Gravitational waves are a modification of the structure of space-time in the universe, due to the interactions of a particular type of star, called the Neutron Star, when orbiting as binary pairs (see Figure 1):
“In 1993, astrophysicists Russell Hulse and Joseph Taylor received the Nobel Prize in Physics for their 1974 discovery of a binary pair of neutron stars (PSR1913+16) 21,000 light years from Earth. Seven years later, after tracking the radio emissions of one star in the pair over a period of years, Taylor and two other colleagues (Joel Weisberg and Lee Fowler) noted that the time it takes for the two stars to orbit each other was decreasing exactly in a way that general relativity predicted if the two stars were radiating gravitational waves. Analyses of other binary neutron star systems confirmed this effect firmly concluding that gravitational waves were not just theoretical. More than 40 years later, on September 14, 2015, gravitational waves were finally directly detected by LIGO's interferometers. This accomplishment was achieved because LIGO is designed to sense the infinitesimally faint whispers of gravitational waves through the imprint of that radiation on laser light. How faint are these whispers? LIGO must detect a change in arm length of about 10-19 m (10,000 times smaller than a proton). Achieving this degree of sensitivity requires a remarkable combination of technological innovations in precision lasers, vacuum technology, and advanced optical and mechanical systems.” (Source: Ligo Caltech educational)
Gravitational waves are a very important physical phenomenon which may help scientists to look at the structure of the Universe with more information and unprecedented details about the “big bang” theory. Until now, the studies about the birth and the structure of the universe have been done mainly by studying light emissions, which is estimated to have started from 300,000 years after the “big bang”. Now the gravitational waves represent a new instrument to study and reveal phenomena that have never been revealed like the “big bang” itself, because this type of effect is related to the collisions of planets, stars across the universe, and hence these gravitational waves may carry information about the initial interactions that caused to the birth of the universe.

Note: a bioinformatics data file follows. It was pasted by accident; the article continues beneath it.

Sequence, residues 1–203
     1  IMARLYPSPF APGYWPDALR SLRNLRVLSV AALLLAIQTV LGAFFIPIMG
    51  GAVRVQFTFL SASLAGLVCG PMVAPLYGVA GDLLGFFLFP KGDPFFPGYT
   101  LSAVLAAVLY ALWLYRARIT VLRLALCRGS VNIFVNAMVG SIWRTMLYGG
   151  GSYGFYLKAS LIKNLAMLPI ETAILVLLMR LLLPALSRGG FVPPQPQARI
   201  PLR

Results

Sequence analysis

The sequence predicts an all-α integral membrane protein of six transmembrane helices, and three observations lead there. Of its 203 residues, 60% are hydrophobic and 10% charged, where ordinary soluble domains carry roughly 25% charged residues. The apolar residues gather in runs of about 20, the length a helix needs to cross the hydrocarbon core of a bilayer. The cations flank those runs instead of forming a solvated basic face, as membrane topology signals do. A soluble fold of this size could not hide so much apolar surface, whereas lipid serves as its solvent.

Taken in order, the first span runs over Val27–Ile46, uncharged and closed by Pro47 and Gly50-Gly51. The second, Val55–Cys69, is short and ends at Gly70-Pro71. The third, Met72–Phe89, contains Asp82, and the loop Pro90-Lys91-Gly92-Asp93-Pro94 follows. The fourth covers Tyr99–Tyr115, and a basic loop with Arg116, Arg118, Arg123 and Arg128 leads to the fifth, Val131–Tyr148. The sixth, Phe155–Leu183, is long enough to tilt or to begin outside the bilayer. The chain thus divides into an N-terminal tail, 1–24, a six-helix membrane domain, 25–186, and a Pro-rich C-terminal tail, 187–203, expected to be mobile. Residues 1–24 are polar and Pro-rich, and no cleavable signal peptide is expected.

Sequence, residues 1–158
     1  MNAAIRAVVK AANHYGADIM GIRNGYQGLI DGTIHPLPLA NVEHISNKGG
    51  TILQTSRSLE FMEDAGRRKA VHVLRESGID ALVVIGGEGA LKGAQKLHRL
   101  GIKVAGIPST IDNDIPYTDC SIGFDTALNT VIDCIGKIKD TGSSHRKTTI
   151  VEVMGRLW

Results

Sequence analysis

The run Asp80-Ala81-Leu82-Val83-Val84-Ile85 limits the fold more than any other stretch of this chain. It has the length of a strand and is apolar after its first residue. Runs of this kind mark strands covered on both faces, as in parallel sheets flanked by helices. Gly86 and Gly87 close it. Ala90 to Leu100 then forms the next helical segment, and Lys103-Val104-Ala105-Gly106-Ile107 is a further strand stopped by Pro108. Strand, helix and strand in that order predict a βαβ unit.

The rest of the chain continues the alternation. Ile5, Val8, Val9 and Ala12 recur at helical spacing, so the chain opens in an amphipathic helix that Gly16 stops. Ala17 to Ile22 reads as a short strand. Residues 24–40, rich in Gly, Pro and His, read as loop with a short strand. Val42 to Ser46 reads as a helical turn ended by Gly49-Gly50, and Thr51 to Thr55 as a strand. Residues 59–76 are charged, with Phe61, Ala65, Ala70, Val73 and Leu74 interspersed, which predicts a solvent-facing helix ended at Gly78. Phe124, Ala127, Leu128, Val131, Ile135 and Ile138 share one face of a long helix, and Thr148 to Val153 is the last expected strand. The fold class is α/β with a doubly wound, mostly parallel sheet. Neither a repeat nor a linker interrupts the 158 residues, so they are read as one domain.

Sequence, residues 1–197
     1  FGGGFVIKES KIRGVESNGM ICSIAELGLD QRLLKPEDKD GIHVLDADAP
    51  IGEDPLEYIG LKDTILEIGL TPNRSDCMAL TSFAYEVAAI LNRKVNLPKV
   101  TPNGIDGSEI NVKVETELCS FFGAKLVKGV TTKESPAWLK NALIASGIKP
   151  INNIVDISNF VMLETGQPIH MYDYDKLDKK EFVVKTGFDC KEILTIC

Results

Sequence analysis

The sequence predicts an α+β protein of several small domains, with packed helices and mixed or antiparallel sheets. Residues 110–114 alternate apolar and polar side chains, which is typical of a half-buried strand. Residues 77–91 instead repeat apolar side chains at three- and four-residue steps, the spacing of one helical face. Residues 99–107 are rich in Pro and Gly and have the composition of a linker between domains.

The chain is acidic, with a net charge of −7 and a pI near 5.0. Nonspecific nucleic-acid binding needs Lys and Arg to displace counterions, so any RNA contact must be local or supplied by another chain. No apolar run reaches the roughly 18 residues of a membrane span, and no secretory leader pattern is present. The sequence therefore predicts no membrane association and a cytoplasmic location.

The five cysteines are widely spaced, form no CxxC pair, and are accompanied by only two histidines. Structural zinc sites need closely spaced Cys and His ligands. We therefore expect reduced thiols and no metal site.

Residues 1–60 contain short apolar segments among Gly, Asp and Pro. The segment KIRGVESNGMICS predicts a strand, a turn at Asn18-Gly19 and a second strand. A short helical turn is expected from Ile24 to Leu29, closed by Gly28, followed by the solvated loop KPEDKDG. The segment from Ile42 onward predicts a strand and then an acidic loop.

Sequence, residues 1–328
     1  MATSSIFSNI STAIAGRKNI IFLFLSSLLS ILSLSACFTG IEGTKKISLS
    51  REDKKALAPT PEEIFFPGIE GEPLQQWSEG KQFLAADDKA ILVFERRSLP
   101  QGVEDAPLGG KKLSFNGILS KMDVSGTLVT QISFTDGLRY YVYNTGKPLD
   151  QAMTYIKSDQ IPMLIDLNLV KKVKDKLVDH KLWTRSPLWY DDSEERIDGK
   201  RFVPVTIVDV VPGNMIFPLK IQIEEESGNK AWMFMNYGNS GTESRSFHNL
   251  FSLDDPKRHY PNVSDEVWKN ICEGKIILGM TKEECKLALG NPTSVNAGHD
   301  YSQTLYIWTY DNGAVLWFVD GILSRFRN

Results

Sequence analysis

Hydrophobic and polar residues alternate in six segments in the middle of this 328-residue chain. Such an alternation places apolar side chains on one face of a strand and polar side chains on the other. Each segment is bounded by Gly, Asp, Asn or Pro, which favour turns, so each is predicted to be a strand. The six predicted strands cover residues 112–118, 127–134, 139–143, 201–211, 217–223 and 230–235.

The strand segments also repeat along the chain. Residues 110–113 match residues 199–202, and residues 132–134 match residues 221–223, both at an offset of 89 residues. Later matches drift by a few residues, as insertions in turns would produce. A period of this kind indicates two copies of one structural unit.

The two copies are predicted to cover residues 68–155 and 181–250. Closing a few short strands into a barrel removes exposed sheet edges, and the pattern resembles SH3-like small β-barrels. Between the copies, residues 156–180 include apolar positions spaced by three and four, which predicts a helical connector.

How is a gravitational wave detected?
Laser technology is the basis for the workings of LIGO observatories: a laser beam has the speed of light (c=3 x 108 m/s) which is a reference constant all across the universe. If a gravitational wave impacts the tunnel of the LIGO, its length will be modified accordingly and the time elapsed by the laser light to travel through the tunnel can be measured. The indirect measurement of the variation of length of the tunnel will give information about the presence of gravitational waves. Furthermore, the LIGO website shows a scheme for a homemade kit for vibration detectors based on the realization of a Michelson Interferometer, which is able to measure the relative movement of two light sources like a pair of coupled stars (see Figure 2):
The Layout of a Michelson Interferometer (Source: LIGO Laboratory)
The laser realization is a further example of the possible usages of electronics technology to empower astronomy observatories, as is shown by the following figure that contains the description of the ICs for the realization of a green laser pointer:
The schematic of a green laser pointer, built by means of electronics components. (Source: img.bhs4.com)
Do you think that the discovery of gravitational waves will change our perception of the structure of the universe? Do you work with laser technology?